Thursday, Feb 10, 2022 / Laravel / KrishaWeb

Laravel 9.0 Released: Let’s Explore What’s New in Laravel v9.0!

Laravel 9 Released

Laravel 9.0 is Out Now!

And as usual, it is launched with the new features including support to minimum PHP v8.0 version, controller route groups, a refreshed default Ignition error page, Laravel Scout database engine, Symfony mailer integration, Flysystem 3.x, Improved Eloquent accessors/mutators, and many more! And here KrishaWeb is ready to take you on a tour through this blog… Stay Connected!

Before we jump into the detailed new features, we are going to point out that with the launch of Laravel 9, Laravel will release its new versions about every 12 months instead of 6 months schedule.

Laravel 9 is an LTS version that was released on February 8, 2022. Laravel 9 supports PHP versions 8.0 and 8.1 and offers two years of bug fixes (will receive bug fixes until February 2024) and three years of safety (will receive security fixes until February 2025).

New Features in  Laravel 9.0

  1. Eloquent accessors/mutators improvement
  2. Enum attribute casting
  3. Implicit Route Bindings With Enums
  4. Forced Scoping Of Route Bindings
  5. Controller Route Groups
  6. Full-Text Indexes/Where Clauses
  7. Rendering Inline Blade Templates
  8. Checked/Selected Blade Directives
  9. Bootstrap 5 Pagination Views
  10. Improved Validation Of Nested Array Data
  11. Improved Ignition Exception Page
  12. Improved route: list CLI Output
  13. Test Coverage Using Artisan Command
  14. New Helpers
  15. Anonymous Migration Classes

1) Eloquent accessors/mutators improvement

Eloquent accessors/mutators is a feature by Taylor Otwell that allows developers to handle database queries using PHP syntax instead of writing SQL code, which could be time-consuming.

In Laravel 8, you must use the get and set prefixes in the model to define accessors and mutators. However, in Laravel V9, you can declare the prefix with a single non-prefixed term by using the IlluminateDatabaseEloquentCastsAttribute. You may now acquire and set attributes with only one method call.

Example:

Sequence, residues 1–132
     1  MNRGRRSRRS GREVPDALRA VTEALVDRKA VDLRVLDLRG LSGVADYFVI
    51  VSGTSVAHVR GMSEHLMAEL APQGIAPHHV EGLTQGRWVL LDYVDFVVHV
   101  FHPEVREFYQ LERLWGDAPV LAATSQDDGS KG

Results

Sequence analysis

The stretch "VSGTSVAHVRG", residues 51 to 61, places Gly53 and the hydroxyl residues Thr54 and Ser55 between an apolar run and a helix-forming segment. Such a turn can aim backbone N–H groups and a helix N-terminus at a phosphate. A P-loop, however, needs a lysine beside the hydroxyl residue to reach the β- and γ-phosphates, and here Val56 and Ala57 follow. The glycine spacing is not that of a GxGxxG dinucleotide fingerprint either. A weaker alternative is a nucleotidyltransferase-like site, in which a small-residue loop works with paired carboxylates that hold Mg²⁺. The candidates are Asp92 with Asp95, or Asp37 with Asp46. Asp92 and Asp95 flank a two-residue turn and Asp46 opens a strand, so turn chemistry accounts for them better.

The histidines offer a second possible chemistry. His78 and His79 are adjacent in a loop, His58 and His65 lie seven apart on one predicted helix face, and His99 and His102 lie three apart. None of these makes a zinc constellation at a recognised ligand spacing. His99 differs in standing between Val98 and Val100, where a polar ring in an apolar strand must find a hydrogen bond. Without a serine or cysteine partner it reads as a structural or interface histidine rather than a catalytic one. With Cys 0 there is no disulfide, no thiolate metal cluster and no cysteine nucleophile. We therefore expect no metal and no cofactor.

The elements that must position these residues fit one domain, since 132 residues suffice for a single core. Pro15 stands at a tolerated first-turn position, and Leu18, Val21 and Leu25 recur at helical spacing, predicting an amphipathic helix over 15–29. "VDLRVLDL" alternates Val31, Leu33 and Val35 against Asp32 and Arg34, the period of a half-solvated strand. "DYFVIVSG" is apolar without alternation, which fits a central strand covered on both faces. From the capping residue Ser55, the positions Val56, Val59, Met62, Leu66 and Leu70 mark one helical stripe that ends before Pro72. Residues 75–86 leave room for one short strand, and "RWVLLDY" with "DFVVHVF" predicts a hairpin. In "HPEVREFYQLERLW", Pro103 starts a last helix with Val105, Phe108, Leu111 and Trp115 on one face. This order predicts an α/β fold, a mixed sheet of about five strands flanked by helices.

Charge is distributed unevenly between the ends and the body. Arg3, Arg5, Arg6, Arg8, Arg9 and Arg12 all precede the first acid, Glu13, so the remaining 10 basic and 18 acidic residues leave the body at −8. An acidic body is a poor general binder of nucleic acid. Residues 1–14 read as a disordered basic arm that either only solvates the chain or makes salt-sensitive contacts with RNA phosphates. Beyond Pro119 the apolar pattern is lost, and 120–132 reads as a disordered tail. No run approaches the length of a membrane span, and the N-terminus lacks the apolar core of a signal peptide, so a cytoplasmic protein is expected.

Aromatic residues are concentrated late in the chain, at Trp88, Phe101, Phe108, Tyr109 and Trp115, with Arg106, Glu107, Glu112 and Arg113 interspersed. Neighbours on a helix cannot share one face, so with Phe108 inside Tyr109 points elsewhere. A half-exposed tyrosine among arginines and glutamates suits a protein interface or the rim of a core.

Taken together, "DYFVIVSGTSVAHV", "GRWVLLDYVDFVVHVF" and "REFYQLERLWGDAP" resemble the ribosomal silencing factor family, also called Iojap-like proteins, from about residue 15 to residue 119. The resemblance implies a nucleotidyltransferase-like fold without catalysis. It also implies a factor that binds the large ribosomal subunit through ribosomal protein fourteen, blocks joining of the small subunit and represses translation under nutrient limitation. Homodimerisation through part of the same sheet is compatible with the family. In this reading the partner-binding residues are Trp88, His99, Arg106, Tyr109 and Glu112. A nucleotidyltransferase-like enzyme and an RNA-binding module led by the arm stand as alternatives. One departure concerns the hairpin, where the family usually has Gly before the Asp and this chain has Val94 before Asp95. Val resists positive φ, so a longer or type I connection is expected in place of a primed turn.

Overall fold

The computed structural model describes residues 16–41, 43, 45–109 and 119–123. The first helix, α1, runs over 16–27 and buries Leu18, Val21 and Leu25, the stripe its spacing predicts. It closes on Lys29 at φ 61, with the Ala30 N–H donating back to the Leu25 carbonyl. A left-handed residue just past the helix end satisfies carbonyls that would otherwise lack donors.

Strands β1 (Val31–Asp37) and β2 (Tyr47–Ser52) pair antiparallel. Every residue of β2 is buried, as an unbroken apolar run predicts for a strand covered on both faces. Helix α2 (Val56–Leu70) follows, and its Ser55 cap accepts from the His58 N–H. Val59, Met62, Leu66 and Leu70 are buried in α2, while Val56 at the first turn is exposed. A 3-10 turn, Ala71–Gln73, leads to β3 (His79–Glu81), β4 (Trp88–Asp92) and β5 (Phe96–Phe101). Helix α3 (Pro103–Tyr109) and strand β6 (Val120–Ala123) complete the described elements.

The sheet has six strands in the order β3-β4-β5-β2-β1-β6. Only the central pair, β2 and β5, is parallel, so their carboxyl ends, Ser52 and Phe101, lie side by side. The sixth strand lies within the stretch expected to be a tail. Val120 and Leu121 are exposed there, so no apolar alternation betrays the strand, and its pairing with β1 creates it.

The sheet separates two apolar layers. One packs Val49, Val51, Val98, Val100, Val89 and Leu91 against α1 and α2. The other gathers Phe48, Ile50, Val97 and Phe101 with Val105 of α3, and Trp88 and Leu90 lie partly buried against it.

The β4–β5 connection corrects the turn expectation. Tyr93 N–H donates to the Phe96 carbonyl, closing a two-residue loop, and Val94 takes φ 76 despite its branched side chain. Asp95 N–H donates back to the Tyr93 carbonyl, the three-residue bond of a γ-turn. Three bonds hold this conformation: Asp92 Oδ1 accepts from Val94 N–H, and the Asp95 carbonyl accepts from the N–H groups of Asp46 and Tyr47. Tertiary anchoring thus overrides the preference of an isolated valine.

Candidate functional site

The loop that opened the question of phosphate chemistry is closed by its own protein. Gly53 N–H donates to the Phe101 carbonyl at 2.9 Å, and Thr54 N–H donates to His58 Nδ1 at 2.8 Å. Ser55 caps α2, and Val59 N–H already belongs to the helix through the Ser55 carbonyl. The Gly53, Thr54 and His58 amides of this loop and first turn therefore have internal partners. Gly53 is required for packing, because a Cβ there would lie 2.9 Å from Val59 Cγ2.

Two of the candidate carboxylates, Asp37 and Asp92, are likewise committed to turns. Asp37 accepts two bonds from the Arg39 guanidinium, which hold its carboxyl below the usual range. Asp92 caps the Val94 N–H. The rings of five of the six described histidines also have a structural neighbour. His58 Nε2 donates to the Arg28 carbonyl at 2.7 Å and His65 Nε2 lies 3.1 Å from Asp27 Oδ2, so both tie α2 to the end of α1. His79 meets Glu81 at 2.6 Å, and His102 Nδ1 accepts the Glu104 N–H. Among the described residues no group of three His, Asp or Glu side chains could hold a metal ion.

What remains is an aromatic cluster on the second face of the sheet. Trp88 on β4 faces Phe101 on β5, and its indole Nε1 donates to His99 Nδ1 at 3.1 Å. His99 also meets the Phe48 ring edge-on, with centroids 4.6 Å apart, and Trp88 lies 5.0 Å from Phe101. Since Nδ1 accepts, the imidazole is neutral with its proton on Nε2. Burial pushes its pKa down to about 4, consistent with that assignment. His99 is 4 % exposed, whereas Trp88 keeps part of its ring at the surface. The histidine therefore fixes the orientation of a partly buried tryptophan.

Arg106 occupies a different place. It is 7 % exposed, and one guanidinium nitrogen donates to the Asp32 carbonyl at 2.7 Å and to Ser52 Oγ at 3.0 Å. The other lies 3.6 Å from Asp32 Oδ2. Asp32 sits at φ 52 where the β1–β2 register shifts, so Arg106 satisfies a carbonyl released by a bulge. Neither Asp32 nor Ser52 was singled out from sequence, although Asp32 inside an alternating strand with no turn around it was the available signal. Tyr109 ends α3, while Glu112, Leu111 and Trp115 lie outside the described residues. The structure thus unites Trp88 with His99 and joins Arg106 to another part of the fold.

use Illuminate\Database\Eloquent\Casts\Attribute;
	public function username (): Attribute
	{
		return new Attribute(
		get: fn ($value) => strtoupper($value),
		set: fn ($value) => $value,
		);
	}

In this example, the accessor will cache the value of the username and return it. Here attribute function has two arguments. The first is for get and the second is for set the attribute. Overall, version 9 will make this process easier and quicker.

2) Enum attribute casting

Mohamed Said contributed Enum casting. It is only available in PHP 8.1+ version. Now you can define a enums in enum file and even enum types you wish. You can easily find all this in enum file located in App/Enums/. Also, you need to define a return type in the file, and in order to accomplish this you have to specify attribute and enum in $casts property array in the model.

Once you define your casts on the model, it will cast the specified attribute automatically from an enum file. For more information, you can visit Enum Casting.

3) Implicit Route Bindings With Enums

Enums are now supported in PHP 8.1. Laravel 9.x provides the capability to type-hint an Enum on a route declaration, and Laravel will only apply the route if the route component is a valid Enum value in the URI. Else, it will promptly return to an HTTP 404 error.

Example:

In App/Enums/Category:

enum Category: string
{	
	case Fruits = 'fruits';
	case People = 'people';
}

In Route File :-
Route:: get ('/categories/{category}', function (Category $category) {
return $category->value;
});

You can now create a route that is only used if the category route segment contains fruits or humans. Otherwise, you’ll get an HTTP 404 response.

4) Forced Scoping Of Route Bindings

Forced scoped bindings were contributed by Claudio Dekker. In the previous version of Laravel for scoping, we need to use the key of the parent eloquent model, but it does not seem like had used scoping. But in Laravel 9 there is a function called the scope bindings method for defining your route.

Laravel will automatically range the query to fetch the nested models by its parent when using norms to assume the relationship’s name on the parent.

Scope bindings method will give instruction to the child model even when a key is not provided. Check out the following formula to do so –

Example:

use App\Models\Post;
use App\Models\User;
Route:: get ('/users/{user}/posts/{post}', function (User $user, Post $post) {
	return $post;